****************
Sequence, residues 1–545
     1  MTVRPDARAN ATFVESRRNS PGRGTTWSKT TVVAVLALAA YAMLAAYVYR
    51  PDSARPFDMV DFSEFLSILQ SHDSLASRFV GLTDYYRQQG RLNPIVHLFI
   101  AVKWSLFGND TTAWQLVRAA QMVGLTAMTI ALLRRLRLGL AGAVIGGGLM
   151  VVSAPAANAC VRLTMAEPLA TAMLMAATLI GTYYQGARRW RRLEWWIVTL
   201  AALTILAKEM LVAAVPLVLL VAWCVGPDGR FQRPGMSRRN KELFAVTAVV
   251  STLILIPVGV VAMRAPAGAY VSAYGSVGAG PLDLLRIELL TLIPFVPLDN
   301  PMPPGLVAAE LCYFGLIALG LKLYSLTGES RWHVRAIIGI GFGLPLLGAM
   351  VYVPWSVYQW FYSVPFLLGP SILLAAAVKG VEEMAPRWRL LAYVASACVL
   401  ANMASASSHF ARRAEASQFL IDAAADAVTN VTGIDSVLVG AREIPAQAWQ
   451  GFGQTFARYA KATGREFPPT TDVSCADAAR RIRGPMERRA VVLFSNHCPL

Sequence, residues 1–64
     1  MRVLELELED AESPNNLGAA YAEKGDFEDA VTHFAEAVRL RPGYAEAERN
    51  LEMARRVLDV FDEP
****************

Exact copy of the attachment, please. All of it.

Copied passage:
Sequence, residues 1–545
     1  MTVRPDARAN ATFVESRRNS PGRGTTWSKT TVVAVLALAA YAMLAAYVYR
    51  PDSARPFDMV DFSEFLSILQ SHDSLASRFV GLTDYYRQQG RLNPIVHLFI
   101  AVKWSLFGND TTAWQLVRAA QMVGLTAMTI ALLRRLRLGL AGAVIGGGLM
   151  VVSAPAANAC VRLTMAEPLA TAMLMAATLI GTYYQGARRW RRLEWWIVTL
   201  AALTILAKEM LVAAVPLVLL VAWCVGPDGR FQRPGMSRRN KELFAVTAVV
   251  STLILIPVGV VAMRAPAGAY VSAYGSVGAG PLDLLRIELL TLIPFVPLDN
   301  PMPPGLVAAE LCYFGLIALG LKLYSLTGES RWHVRAIIGI GFGLPLLGAM
   351  VYVPWSVYQW FYSVPFLLGP SILLAAAVKG VEEMAPRWRL LAYVASACVL
   401  ANMASASSHF ARRAEASQFL IDAAADAVTN VTGIDSVLVG AREIPAQAWQ
   451  GFGQTFARYA KATGREFPPT TDVSCADAAR RIRGPMERRA VVLFSNHCPL

Sequence, residues 1–64
     1  MRVLELELED AESPNNLGAA YAEKGDFEDA VTHFAEAVRL RPGYAEAERN
    51  LEMARRVLDV FDEP